left atrial pressure, in reality mitral valve
closure is delayed because the valve is kept
open by the inertia of the blood flow.
• Duration 0.05 sec
• At beginning of this phase AV valve
are closed but semilunar valves are
not yet opened.
• Volume of blood inside both
ventricles remains the same hence
this phase is called as isovolumic
phase of contraction.
• When pressure in left ventricle is
slightly above 80 mmHg and right
ventricular pressure slightly above 8
mmHg then the ventricular
pressures push the semilunar valves
Rapid ejection phase
• The duration of this phase is
abt 0.11 sec.
• Abt.2/3rd of stroke volume is
ejected in this rapid ejection
• The pressure inside the left
ventricle rises to 120mmHg
during this phase.
• The end of rapid ejection
phase occurs at abt the peak
of ventricular pressure
• The right ventricle ejection
begins before that of left and
continues even after the left
ventricular ejection is
Reduced ejection phase
• Duration 0.14 sec.
• Rest one third stroke volume is ejected.
• As the cytosolic ca2+ ion concentration
starts to decline because of uptake of
calcium into the SR more and more
myofibers enter the state of relaxation,
and the rate of ejection of blood from
the left ventricle into the aorta falls.
• During this phase, blood flow from the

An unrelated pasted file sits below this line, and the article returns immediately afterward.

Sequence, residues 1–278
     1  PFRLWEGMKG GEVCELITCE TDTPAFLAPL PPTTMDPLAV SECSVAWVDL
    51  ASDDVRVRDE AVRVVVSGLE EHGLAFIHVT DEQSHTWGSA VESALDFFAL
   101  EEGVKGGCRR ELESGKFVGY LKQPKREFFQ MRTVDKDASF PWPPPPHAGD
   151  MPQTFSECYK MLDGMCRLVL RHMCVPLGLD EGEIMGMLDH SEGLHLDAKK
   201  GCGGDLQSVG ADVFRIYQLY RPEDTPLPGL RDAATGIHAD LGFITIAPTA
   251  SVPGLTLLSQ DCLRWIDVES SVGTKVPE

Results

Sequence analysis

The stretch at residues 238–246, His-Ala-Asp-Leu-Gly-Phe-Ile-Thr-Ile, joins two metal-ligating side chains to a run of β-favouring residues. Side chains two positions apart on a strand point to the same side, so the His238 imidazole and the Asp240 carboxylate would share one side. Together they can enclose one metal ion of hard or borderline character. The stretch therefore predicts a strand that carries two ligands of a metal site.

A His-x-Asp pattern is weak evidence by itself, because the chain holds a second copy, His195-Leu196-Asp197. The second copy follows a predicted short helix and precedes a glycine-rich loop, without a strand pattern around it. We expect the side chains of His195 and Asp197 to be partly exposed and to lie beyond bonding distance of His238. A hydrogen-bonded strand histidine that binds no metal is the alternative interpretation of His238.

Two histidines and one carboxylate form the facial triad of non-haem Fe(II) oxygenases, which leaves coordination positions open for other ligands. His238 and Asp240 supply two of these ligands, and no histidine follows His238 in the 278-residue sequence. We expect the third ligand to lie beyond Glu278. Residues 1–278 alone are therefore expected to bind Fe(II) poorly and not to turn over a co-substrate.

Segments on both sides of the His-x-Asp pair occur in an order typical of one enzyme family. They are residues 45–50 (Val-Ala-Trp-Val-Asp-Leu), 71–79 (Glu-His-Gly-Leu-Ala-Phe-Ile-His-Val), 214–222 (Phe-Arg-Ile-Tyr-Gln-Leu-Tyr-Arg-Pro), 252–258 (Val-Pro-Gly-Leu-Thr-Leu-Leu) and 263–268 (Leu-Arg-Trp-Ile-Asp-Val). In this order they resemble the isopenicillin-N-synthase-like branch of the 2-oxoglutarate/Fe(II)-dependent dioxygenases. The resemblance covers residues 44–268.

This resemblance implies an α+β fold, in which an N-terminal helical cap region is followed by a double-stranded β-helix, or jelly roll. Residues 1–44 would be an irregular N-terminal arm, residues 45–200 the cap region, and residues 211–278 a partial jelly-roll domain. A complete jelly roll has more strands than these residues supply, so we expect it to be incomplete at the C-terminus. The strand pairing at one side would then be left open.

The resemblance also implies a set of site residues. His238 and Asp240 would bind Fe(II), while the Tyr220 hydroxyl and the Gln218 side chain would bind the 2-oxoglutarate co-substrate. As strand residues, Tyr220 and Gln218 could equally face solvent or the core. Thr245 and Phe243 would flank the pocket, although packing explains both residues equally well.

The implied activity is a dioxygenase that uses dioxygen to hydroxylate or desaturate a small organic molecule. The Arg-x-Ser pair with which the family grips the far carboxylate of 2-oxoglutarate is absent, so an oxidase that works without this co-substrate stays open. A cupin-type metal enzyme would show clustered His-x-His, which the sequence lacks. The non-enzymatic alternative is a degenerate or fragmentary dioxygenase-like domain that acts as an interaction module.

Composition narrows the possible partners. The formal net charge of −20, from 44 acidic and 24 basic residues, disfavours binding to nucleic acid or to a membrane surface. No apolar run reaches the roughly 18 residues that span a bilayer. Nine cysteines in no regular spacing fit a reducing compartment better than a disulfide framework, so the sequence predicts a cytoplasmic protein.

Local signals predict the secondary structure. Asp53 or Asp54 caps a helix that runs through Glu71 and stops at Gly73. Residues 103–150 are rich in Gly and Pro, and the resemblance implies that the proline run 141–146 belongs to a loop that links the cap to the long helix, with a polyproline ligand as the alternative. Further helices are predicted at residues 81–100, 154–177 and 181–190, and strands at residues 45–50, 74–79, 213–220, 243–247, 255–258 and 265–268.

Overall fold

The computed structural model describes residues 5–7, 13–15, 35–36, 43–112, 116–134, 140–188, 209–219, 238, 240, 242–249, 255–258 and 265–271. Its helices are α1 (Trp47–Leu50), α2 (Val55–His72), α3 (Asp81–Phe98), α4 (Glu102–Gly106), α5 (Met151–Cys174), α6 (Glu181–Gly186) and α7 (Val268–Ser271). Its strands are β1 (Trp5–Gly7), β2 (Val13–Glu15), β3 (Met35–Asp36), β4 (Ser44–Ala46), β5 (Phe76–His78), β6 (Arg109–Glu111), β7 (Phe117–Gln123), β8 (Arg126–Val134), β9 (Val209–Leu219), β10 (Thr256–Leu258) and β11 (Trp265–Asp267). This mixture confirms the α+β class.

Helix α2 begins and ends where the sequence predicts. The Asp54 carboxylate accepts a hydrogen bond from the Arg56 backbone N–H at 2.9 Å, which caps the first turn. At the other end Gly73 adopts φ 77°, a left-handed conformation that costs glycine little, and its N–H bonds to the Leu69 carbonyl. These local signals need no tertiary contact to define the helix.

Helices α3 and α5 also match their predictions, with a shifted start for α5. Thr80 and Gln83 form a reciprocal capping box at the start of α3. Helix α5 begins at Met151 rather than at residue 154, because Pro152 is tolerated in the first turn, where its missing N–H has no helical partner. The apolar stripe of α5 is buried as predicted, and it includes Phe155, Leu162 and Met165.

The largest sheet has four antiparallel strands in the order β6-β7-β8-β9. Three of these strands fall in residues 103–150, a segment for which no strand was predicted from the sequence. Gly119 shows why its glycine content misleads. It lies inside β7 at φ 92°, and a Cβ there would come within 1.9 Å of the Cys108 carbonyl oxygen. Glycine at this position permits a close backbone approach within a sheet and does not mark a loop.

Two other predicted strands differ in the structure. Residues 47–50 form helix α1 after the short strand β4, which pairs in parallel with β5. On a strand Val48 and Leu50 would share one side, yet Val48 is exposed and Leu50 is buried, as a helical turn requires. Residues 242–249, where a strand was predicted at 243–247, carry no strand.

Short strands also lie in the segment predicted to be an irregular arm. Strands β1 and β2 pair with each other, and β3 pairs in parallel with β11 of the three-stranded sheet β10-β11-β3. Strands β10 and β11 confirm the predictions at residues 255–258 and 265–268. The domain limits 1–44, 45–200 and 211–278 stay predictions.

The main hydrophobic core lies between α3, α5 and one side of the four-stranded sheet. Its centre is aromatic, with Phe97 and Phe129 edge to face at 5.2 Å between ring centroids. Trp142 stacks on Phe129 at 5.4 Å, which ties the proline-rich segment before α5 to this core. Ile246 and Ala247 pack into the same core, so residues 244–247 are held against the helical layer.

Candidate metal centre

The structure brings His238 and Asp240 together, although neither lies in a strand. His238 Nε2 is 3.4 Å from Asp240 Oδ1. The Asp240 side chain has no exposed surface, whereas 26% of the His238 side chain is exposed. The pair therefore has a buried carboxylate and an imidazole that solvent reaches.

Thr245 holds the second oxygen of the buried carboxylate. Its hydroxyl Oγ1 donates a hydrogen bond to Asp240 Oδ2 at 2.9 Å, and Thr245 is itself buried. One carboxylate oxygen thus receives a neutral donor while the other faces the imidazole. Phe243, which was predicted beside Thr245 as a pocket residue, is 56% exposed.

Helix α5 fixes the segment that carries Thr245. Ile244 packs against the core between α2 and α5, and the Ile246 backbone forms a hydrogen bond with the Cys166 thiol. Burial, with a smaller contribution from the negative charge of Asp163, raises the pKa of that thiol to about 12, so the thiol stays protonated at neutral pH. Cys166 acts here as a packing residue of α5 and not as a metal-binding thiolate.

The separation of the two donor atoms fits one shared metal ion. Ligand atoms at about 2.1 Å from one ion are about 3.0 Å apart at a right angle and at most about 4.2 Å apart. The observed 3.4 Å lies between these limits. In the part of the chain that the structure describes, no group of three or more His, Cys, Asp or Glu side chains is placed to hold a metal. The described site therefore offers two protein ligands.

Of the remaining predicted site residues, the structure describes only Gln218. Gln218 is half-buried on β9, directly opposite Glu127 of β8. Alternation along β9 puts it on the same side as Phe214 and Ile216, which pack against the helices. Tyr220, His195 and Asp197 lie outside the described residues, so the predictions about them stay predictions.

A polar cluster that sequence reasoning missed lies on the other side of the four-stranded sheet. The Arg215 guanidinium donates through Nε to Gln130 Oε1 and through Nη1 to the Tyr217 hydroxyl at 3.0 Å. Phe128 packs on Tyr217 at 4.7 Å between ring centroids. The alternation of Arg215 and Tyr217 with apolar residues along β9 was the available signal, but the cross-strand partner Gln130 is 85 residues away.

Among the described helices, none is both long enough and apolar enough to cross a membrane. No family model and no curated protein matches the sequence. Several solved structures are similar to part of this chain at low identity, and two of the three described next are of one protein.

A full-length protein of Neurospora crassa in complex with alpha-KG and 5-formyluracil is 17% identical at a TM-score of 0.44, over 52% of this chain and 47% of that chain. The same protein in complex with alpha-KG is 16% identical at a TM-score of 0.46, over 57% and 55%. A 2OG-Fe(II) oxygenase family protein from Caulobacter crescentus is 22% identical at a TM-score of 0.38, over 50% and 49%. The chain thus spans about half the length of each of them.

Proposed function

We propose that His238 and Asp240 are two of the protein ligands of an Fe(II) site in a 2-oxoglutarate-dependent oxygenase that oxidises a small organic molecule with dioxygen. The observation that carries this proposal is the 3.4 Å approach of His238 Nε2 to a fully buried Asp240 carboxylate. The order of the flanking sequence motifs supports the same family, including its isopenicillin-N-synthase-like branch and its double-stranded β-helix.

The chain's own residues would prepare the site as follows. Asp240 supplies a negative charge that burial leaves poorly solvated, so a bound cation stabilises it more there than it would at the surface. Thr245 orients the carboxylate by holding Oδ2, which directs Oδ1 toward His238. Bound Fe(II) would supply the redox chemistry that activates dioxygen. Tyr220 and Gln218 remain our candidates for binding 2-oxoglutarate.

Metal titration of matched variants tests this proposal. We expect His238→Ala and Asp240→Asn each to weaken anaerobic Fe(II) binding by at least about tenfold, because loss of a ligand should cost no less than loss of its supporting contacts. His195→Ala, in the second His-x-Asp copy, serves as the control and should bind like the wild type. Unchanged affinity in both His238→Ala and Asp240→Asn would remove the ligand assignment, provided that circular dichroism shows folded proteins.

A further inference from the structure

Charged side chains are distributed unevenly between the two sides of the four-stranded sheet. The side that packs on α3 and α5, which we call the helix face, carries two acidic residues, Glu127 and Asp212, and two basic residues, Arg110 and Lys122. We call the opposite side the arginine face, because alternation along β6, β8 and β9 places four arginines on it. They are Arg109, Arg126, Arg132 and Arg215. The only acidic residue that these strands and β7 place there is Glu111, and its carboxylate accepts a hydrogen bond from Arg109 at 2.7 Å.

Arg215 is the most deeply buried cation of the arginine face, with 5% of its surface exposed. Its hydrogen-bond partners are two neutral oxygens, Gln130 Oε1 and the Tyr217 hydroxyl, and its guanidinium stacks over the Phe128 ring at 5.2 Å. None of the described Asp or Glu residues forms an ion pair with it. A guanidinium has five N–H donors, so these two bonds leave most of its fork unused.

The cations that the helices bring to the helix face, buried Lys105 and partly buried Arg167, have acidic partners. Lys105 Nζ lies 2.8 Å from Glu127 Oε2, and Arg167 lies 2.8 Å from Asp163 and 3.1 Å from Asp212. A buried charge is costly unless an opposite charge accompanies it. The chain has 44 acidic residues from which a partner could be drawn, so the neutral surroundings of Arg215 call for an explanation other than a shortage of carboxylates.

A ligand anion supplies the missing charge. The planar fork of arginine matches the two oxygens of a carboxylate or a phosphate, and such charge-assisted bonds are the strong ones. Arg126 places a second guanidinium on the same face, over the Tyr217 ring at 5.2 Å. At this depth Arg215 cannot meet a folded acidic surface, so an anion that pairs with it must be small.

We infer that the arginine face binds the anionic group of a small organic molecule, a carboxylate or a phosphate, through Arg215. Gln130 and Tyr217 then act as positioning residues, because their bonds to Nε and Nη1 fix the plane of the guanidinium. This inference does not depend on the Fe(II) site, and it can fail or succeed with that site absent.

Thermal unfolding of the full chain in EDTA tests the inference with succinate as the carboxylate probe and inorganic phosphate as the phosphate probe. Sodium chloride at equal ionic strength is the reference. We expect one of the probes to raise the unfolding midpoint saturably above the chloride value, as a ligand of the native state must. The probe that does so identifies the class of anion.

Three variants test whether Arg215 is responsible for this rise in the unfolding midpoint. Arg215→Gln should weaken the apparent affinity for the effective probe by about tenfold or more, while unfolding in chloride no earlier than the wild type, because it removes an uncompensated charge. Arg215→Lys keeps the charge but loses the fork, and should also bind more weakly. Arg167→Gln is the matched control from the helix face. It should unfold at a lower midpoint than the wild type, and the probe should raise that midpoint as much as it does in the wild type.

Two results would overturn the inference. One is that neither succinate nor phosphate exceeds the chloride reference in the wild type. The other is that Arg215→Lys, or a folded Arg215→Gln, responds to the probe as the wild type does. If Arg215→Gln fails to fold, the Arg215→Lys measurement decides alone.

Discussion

left ventricle to the aorta rapidly
diminishes but is maintained by aortic
recoil, the Windkessel effect. The
pressure in the aorta exceeds the falling
pressure in the left ventricle.
• At the end of ventricular systole ventricles start
relaxing allowing rapid fall in the intraventricular
• This is the period of protodiastole which lasts for
• At the end of this phase elevated pressure in
distended arteries (Aorta and Pulmonart artery)
immediately pushes the blood back toward the
ventricles which snaps the aortic and pulmonary
semilunar valves .
• It also causes dicrotic notch in the down slope
of aortic pressure called Incisura.
• Incisura indicates end of systole and the onset
Isovolumetric relaxation phase
• The ventricles continue to relax
as closed chambers as semilunar
valves are closed and AV valves
are not yet open.
• This causes rapid fall of pressure
inside ventricles (from 80mmHg
to abt 2 to 3 mmHg in left
• This phase lasts for 0.06 sec.
• Because the ventricular volume
remains constant this phase is
called isovolumic relaxation
Rapid filling phase
• As LV pressure drops below that in the
left atrium, just after mitral valve
opening, the phase of rapid or early
filling occurs to account for most of
• Active diastolic relaxation of the
ventricle may also contribute to early
• Such rapid filling may cause the
physiologic third heart sound (S3),
particularly when there is a hyperkinetic
Reduced filling phase
• After the rapid filling
ventricles rises slowly,
• As pressures in the atrium
and ventricle equalize, LV
filling virtually stops
2nd RAPID FILLING PHASE